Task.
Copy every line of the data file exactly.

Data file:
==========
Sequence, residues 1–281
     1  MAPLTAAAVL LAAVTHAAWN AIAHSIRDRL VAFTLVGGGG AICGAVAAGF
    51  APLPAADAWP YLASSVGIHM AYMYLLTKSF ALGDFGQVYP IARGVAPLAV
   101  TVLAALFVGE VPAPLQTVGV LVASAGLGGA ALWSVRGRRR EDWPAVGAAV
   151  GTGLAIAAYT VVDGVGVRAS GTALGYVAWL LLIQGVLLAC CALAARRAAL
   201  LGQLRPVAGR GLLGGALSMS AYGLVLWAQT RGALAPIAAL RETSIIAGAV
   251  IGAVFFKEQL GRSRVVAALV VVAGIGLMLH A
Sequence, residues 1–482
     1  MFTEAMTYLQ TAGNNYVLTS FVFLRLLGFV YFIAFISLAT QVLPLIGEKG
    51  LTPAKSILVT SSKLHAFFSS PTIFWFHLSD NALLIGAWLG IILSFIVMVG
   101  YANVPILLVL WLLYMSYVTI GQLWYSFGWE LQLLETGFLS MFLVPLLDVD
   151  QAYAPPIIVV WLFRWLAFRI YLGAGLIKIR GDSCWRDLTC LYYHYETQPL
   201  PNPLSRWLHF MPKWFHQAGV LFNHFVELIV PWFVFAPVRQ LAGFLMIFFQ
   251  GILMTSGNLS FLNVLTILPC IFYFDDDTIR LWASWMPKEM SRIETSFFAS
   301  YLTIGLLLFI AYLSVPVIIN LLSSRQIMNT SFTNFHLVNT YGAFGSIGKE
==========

Sequence, residues 1–281
     1  MAPLTAAAVL LAAVTHAAWN AIAHSIRDRL VAFTLVGGGG AICGAVAAGF
    51  APLPAADAWP YLASSVGIHM AYMYLLTKSF ALGDFGQVYP IARGVAPLAV
   101  TVLAALFVGE VPAPLQTVGV LVASAGLGGA ALWSVRGRRR EDWPAVGAAV
   151  GTGLAIAAYT VVDGVGVRAS GTALGYVAWL LLIQGVLLAC CALAARRAAL
   201  LGQLRPVAGR GLLGGALSMS AYGLVLWAQT RGALAPIAAL RETSIIAGAV
   251  IGAVFFKEQL GRSRVVAALV VVAGIGLMLH A
Sequence, residues 1–482
     1  MFTEAMTYLQ TAGNNYVLTS FVFLRLLGFV YFIAFISLAT QVLPLIGEKG
    51  LTPAKSILVT SSKLHAFFSS PTIFWFHLSD NALLIGAWLG IILSFIVMVG
   101  YANVPILLVL WLLYMSYVTI GQLWYSFGWE LQLLETGFLS MFLVPLLDVD
   151  QAYAPPIIVV WLFRWLAFRI YLGAGLIKIR GDSCWRDLTC LYYHYETQPL
   201  PNPLSRWLHF MPKWFHQAGV LFNHFVELIV PWFVFAPVRQ LAGFLMIFFQ
   251  GILMTSGNLS FLNVLTILPC IFYFDDDTIR LWASWMPKEM SRIETSFFAS
   301  YLTIGLLLFI AYLSVPVIIN LLSSRQIMNT SFTNFHLVNT YGAFGSIGKE